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Via Zerohedge

Tusk was speaking at the end of an EU summit in Salzburg, where the leaders of the 27 remaining states in the bloc were discussing Brexit. He said that while there were “positive elements” in May’s Chequers plan, a deal that puts the single market at risk cannot be accepted.

“Everybody shared the view that while there are positive elements in the Chequers proposal, the suggested framework for economic co-operation will not work, not least because it is undermining the single market,” Tusk said. He also said that he could not “exclude” the possibility that the UK could exit the EU in March with no deal.

May has been urging her European counterparts to accept her controversial Chequers plan which has split both the Conservative party and the broader UK population after it was thrashed out back in July. However, despite the painfully-slow negotiation process, which appears to have made little headway with just a few months left, the UK is set to leave the EU on March 29 2019 – with or without an exit deal.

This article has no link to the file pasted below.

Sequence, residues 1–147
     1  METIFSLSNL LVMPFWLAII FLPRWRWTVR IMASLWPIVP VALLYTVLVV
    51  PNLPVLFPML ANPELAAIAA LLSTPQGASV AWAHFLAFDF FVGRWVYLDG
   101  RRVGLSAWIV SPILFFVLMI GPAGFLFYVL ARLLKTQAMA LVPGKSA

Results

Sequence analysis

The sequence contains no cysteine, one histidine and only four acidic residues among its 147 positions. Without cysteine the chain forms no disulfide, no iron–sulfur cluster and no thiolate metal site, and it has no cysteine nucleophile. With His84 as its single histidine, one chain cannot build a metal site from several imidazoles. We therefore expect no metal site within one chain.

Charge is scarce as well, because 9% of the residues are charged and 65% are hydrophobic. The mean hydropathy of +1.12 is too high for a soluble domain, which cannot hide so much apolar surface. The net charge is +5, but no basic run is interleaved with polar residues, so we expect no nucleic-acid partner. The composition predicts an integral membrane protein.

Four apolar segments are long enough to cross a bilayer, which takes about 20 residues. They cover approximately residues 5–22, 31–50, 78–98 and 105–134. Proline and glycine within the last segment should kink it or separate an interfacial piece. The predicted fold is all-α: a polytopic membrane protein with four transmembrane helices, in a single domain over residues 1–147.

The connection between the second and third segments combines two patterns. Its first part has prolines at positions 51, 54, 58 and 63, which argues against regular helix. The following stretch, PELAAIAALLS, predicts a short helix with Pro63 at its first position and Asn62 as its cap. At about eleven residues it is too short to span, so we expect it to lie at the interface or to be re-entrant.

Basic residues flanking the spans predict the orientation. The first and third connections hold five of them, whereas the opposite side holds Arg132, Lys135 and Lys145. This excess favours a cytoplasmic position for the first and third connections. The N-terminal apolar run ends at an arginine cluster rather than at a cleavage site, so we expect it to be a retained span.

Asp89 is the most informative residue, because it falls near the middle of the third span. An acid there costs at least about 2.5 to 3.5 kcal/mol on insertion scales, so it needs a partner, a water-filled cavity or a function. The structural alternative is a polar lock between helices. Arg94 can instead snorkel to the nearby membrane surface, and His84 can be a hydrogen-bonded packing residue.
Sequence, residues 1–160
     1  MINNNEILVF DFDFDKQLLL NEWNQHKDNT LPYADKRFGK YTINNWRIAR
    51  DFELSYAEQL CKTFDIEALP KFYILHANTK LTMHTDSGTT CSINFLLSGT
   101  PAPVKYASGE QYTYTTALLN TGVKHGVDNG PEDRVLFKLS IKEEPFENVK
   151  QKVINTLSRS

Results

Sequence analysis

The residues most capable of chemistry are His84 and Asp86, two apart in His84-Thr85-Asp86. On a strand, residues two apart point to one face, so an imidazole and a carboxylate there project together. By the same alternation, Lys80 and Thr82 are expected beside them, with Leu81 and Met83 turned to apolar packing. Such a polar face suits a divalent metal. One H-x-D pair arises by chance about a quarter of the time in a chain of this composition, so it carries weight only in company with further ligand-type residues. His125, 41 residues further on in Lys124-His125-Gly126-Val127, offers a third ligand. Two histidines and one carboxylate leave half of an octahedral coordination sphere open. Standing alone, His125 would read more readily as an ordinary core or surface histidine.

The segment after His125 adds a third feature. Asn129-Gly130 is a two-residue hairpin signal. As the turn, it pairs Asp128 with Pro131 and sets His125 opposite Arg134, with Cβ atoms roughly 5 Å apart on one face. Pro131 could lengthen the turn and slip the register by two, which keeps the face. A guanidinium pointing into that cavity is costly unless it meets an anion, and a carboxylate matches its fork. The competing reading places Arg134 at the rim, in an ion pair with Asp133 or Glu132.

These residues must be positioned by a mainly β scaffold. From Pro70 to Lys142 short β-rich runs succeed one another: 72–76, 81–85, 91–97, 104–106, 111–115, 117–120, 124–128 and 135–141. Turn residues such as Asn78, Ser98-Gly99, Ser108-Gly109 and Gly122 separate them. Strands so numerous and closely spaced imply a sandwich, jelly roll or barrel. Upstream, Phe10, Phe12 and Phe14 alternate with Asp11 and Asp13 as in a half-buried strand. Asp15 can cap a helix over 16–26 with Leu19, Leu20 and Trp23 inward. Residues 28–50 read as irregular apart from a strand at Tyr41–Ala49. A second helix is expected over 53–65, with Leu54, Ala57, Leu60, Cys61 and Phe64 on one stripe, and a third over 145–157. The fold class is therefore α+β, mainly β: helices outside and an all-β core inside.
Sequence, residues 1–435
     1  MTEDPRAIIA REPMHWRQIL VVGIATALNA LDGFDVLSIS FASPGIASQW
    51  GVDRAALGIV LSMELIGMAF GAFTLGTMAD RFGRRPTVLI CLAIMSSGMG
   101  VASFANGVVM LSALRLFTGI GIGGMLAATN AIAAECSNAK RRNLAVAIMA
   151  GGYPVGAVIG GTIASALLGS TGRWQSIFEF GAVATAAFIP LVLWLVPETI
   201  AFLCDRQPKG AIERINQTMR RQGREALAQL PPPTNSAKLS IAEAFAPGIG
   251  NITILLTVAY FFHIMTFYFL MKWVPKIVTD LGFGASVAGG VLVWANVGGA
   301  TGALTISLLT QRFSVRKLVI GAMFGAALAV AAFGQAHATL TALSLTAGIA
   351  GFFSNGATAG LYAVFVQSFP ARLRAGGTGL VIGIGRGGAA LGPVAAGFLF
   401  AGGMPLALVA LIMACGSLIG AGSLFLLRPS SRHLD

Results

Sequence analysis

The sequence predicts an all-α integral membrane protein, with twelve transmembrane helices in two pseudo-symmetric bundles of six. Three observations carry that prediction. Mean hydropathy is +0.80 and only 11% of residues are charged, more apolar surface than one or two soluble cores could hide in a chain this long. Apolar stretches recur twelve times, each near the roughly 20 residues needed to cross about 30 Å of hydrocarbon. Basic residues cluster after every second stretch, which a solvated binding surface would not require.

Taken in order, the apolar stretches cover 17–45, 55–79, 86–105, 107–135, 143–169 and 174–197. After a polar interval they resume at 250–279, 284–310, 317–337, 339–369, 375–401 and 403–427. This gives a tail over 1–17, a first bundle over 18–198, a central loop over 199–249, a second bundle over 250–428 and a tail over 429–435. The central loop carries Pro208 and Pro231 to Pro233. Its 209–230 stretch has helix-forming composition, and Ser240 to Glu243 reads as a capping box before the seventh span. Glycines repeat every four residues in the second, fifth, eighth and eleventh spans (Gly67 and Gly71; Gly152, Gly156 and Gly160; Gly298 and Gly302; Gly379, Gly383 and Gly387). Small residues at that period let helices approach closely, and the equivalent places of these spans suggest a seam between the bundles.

The main sticking point that has emerged, and left May and the EU at loggerheads, has been how to avoid new checks on the Irish border. May has claimed that her proposals were the “only serious, credible” way to avoid a hard border in Northern Ireland. She said during a press conference after the Salzburg meeting that she would not accept the EU’s “backstop” plan to avoid a Northern Ireland hard border. She said the UK would shortly be bringing forward its own proposals.

May also said that there was “a lot of hard work to be done,” adding that the UK was also preparing for the eventuality of having to leave the EU without a deal. Tusk, meanwhile, said that the upcoming October summit would be the “moment of truth” for reaching a deal, and that “if the conditions are there” another summit would be held in November to “formalize” it.

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Russia makes HUGE strides in drone technology



The US and Israel are universally recognized leaders in the development and use of unmanned aerial vehicles (UAVs) or drones. Thousands of American and Israeli UAVs are operating across the world daily.